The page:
What Evolution Teaches Us About Humanity’s Grim Future: A Conversation With Jared Diamond
Posted on Apr 24, 2014
“How did I convince my beautiful wife to marry me?” asked America’s best-known geographer, Jared Diamond. Sitting at his breakfast table in a cheery yellow kitchen in Los Angeles, the Pulitzer Prize-winning author was attempting to answer my question of why we as humans evolved to create art, with a question of his own.
Although Diamond is best known for his 1997 work “Guns, Germs, and Steel,” in which he explained the history of Eurasian conquest, years earlier he wrote a masterful treatise on human evolution called “The Rise and Fall of the Third Chimpanzee: How Our Animal Heritage Affects the Way We Live.” In subsequent editions, the book was renamed “The Third Chimpanzee: The Evolution and Future of the Human Animal.”
Today, 23 years after the book was originally published, Diamond has reissued a special edition aimed at young adults. Adapted with the help of Rebecca Stefoff, “The Third Chimpanzee for Young People” incorporates much of the latest research on human evolution to paint an increasingly intricate picture of how we as humans evolved to our current state and what lessons there are for the future of our species.
So how did Diamond ask his wife to marry him? “Since I could not give her a genetic printout, showing that I had superior genes,” continued Diamond, as an explanation for why humans pursue art, “I practiced the piano piece that I knew she loved most. And that evening I played the piece for her, and then I turned to her and I popped the question and she said yes. I can personally attest to the fact that art has contributed to my having two sons.”
Square, Site wide
Modern dynamics between male and female humans have also evolved to ensure that genes are passed down from one generation to the next with great efficiency. For example, humans are among very few species in which males tend to stick around a particular female mate before, during and after pregnancy to ensure that any resulting children are actually their biological heirs. This is important given how elusive women’s fertility is to the external observer and consequently how uncertain paternity is. Because human children are so entirely dependent on adult care for many years, child care has evolved into a two-person job, and the vast majority of males and females (although not all) tend to arrange themselves as couples.
Diamond explained that it isn’t the case that our behavior is ruled by genes, as much as those genes that have survived have been the result of certain behaviors, saying, “[T]hose men who did not stay around and help raise their babies, their babies died, and whatever genes that contributed to them not staying around and helping care for their babies didn’t leave descendants in the next generation.”
Women have also evolved to abruptly lose fertility at menopause, enabling relief from the life-risking, extremely painful, and highly unpleasant task of pregnancy and childbirth, and thereby actually enabling their genes to survive through children borne in their youth. This is because women are actually more likely to be around to care for those children rather than dying in childbirth that gets riskier with age. Women in their 40s and 50s can thank evolutionary pressures for that.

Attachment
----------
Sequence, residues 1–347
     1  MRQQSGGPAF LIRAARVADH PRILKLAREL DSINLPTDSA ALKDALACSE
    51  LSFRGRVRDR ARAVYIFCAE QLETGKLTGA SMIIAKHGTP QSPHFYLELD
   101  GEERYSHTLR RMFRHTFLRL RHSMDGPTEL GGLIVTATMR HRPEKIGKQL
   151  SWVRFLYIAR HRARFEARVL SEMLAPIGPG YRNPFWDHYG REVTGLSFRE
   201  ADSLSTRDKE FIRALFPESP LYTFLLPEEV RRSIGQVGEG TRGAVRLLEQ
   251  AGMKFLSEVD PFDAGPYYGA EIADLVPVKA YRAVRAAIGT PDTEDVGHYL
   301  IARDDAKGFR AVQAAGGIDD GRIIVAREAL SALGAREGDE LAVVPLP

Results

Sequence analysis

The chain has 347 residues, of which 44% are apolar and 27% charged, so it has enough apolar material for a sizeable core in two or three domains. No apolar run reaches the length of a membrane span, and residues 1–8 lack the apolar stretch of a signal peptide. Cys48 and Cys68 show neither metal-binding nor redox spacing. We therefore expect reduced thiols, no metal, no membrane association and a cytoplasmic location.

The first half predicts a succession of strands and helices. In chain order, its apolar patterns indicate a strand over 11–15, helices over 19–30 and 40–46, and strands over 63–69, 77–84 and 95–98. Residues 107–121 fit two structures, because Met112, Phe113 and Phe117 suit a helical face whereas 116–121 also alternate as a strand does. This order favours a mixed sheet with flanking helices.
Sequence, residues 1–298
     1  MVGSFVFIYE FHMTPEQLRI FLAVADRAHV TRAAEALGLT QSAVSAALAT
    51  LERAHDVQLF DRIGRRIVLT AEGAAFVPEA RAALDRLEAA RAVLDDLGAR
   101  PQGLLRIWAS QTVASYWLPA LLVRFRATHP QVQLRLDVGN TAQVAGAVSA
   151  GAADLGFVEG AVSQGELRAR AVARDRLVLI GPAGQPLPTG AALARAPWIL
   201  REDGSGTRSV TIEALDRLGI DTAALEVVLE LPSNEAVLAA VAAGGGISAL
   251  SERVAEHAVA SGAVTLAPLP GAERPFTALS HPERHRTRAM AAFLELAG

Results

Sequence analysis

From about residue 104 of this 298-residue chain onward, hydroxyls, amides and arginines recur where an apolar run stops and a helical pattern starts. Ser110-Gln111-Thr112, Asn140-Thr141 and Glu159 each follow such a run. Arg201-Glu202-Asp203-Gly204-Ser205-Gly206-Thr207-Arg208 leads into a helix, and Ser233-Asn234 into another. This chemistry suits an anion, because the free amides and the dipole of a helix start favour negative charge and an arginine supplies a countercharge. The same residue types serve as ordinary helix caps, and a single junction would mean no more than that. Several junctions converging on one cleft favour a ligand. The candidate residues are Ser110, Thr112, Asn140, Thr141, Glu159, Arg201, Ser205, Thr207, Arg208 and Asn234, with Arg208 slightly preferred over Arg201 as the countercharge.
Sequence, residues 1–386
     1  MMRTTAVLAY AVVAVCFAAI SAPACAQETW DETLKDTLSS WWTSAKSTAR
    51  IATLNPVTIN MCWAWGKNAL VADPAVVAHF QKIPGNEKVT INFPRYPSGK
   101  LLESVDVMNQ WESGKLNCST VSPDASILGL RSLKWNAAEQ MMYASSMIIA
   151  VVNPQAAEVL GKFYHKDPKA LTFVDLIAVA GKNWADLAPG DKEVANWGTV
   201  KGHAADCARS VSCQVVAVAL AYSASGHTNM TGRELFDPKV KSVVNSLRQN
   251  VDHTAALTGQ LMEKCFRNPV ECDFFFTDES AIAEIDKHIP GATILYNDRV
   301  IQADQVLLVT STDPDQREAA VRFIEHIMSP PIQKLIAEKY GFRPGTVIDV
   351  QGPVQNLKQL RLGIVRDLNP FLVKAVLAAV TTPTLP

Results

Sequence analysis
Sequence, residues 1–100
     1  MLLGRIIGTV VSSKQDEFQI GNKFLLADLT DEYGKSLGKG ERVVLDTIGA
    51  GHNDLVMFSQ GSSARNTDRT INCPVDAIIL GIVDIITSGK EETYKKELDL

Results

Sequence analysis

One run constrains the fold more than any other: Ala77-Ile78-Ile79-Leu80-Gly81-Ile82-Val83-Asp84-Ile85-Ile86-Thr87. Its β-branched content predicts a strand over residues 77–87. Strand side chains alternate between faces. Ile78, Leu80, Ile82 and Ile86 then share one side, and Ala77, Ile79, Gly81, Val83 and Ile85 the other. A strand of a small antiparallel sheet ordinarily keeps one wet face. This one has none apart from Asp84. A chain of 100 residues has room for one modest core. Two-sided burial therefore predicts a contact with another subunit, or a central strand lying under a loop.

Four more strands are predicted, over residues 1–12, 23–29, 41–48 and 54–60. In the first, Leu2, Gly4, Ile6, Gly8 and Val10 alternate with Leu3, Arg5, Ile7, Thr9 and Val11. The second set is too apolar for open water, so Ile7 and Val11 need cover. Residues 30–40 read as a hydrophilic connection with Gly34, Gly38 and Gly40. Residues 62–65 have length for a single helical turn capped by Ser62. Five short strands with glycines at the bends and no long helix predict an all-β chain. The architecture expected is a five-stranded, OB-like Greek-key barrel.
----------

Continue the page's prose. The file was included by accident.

Race, as seen through an evolutionary lens, is a different matter. We are told that race is a social construct, but Diamond says that’s only partially true. For one thing, it is difficult to categorize people’s race. He clarified: “Humans differ around the world but there are not sharp lines. There’s inter-gradation.” Additionally, characteristics that are visible and invisible are grouped in nonobvious ways. Diamond cited an example in which Swedes and Italians may share skin color but Italians and people from the African continent share a gene protecting them from malaria because of geographic evolution. So, should people be racially categorized by skin color or malaria genes? Since we categorize people by skin color rather than other factors, race is indeed a social construct, albeit one with many exceptions and fuzzy boundaries.
The level of racial animus that Homo sapiens have adopted against one another throughout our history may be reflective of how we treated our fellow humans of different species. Although Neanderthals no longer exist, we modern humans have some Neanderthal genes in our DNA as new research proves, indicating that at some point Homo sapiens conceived children with our fellow hominids. The question of why Neanderthals vanished has serious implications for our past, and more importantly for the future of our species and planet.
Diamond thinks that “the arrival of sapiens clearly had something to do with the end of the Neanderthals.” He explained that “Neanderthals carried on for 470,000 years and then came Homo sapiens and within a few thousand years Neanderthals are gone. In modern courts you can convict people of murder on correlative evidence less convincing than that. The least pleasant scenario is that we bopped them over the head and killed them. Another possibility is that we were just more efficient and outcompeted them and ate up their animal prey.”
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